Suspect in woman's death taught her Spanish, police say
Man wanted in killing of accounting professor in Bethesda
A man who taught Spanish to the Bethesda professor found dead in her Massachusetts Avenue home in October is wanted for her beating death, Montgomery County police reported Friday.
A warrant was issued within the last couple of months to charge Jorge Rueda Landeros, 41, of Juarez, Mexico, with first-degree murder in the death of Sue Ann Marcum, 52, said Montgomery County police Capt. David Gillespie, who leads the department's Major Crimes Division.
"I can't comment on their relationship other than to say they were known to be friends. We've been told he taught her Spanish at some point," Gillespie said Friday. He said police don't know where or when they met, and he would not comment on whether they had a romantic relationship. Gillespie also would not comment on a motive for the homicide.
An Interpol notice says Landeros is wanted for "crimes against life and health" in Montgomery County. The wanted notice lists his nationality as Mexican and American, and Gillespie said Landeros travels between Mexico and the United States on a regular basis.
Gillespie said Friday that police decided to reveal the warrant to ease the fears of the community and because Landeros "knows we have an arrest warrant out for him."
"When we have a crime of this magnitude, people want to know if the victim knew the person or if it was a random crime," he said. "We want to bring the case to a successful conclusion. We want to arrest Mr. Landeros. We got to the point that he knows he is wanted the element of surprise is gone. We want this known to the community that this wasn't a random act that this is a man that was known to the victim."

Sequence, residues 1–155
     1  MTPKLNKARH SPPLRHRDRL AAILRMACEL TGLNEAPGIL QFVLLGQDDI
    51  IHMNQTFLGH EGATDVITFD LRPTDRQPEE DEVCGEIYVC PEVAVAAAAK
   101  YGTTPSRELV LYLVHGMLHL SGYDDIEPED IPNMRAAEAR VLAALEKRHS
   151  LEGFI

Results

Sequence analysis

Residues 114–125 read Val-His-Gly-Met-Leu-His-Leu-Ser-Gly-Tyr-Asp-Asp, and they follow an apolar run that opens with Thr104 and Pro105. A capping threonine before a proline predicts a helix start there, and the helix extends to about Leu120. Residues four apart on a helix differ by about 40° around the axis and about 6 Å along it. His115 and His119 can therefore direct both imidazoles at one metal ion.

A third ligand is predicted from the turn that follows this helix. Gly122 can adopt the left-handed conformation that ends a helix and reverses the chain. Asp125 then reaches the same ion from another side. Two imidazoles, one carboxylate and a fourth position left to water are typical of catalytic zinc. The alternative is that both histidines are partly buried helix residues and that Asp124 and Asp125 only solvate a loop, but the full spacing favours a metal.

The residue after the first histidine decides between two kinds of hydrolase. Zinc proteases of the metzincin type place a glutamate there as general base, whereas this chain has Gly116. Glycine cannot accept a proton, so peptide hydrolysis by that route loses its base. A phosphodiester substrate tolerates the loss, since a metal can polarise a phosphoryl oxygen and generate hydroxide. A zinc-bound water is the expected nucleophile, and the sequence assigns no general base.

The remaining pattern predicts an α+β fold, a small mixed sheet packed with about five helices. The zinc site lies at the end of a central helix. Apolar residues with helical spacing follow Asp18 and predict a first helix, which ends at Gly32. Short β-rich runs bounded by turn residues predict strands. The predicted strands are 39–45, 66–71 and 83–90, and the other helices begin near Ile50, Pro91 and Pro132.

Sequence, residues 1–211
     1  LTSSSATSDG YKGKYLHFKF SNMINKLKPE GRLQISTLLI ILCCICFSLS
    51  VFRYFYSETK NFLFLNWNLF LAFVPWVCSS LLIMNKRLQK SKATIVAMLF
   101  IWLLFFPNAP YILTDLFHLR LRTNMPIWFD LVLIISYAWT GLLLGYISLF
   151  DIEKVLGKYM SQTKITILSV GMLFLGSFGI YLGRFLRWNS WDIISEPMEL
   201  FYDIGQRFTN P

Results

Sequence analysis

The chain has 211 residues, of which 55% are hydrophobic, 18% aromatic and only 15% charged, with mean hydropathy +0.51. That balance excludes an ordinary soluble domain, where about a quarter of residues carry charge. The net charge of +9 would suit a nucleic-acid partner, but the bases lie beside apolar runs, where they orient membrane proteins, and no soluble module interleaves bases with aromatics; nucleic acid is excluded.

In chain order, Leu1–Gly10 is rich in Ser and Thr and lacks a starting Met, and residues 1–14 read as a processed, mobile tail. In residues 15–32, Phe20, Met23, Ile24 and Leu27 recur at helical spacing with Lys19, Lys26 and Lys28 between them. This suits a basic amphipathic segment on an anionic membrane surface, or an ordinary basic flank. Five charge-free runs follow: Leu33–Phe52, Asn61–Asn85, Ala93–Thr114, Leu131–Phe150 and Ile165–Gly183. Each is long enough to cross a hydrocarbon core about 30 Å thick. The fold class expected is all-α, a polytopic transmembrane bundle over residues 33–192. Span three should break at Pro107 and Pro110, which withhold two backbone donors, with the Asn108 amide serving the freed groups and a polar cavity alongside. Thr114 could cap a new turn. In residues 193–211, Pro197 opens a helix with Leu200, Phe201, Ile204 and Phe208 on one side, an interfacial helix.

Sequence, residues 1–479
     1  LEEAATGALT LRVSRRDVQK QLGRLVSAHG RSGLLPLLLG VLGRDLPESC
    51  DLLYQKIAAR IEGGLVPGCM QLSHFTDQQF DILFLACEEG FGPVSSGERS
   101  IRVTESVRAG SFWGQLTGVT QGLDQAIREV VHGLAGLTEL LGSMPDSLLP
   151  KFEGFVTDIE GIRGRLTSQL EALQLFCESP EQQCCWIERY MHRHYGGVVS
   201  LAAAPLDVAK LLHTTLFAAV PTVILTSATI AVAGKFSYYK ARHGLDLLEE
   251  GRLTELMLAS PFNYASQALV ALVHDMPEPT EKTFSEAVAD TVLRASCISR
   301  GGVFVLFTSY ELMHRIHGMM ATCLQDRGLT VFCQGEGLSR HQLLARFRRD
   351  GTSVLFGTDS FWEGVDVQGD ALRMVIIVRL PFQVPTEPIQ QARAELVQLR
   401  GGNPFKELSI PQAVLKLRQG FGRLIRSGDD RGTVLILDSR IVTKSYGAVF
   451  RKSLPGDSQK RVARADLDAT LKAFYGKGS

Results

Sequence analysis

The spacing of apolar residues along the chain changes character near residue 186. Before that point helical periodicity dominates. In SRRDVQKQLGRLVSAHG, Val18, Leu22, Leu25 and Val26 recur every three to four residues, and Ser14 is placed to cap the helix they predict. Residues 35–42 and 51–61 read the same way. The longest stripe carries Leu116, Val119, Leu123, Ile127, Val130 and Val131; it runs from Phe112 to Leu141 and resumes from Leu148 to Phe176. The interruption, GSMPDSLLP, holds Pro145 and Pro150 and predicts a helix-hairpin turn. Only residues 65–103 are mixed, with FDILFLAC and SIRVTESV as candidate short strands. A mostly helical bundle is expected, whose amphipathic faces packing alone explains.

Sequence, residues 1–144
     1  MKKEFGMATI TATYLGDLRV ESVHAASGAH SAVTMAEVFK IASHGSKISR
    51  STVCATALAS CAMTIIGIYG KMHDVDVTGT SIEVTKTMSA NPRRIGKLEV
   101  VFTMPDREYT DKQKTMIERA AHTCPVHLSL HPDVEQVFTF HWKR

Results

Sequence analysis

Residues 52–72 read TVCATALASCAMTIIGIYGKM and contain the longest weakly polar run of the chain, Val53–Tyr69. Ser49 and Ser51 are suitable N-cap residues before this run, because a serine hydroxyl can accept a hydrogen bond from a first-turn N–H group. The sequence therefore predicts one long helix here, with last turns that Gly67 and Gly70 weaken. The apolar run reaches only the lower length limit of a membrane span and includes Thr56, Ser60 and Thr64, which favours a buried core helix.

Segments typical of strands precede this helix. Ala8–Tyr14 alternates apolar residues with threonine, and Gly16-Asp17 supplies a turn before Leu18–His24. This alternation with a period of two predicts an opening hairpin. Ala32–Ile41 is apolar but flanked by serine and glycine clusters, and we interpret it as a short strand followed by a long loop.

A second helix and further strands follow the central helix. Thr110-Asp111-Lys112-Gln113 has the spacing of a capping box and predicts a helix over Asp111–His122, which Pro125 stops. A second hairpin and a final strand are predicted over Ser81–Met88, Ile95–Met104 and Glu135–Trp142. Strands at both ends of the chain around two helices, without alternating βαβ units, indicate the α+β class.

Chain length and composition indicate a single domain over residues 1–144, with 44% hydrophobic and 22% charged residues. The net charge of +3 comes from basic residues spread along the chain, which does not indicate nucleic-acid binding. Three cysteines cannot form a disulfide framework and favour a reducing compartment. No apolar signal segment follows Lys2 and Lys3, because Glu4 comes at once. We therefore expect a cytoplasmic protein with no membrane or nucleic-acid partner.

Hundreds of people mourned Marcum's death in vigils in her neighborhood and at American University, where she taught accounting at the Kogod School of Business.
Marcum was found dead on the first floor of her home in the 6200 block of Massachusetts Avenue on Oct. 25. Police say someone forced his way in through a rear window.
The medical examiner ruled her death a homicide and said she died by blunt force trauma and asphyxiation.
Police initially described the homicide as a burglary gone wrong and focused their investigation on Deandrew Hamlin, 18, of Washington, D.C., who was found driving Marcum's stolen Jeep. He pleaded guilty to unauthorized use of a vehicle in the District in April.
"At the time, we had Hamlin in her vehicle 13 hours after the homicide," Gillespie said.
Investigators are still interested in how Hamlin came into possession of the vehicle, Gillespie said.
But Landeros "had been on our radar from the beginning" Gillespie said.
The Washington Post reported Friday that Landeros has written to acquaintances that he is aware of the police investigation.
Landeros "does claim his innocence" in the postings, which were written after police obtained their warrant, Gillespie said.
Montgomery County police are working with federal and Mexican authorities to arrest Landeros.
He would not comment on whether there could be more suspects in Marcum's death.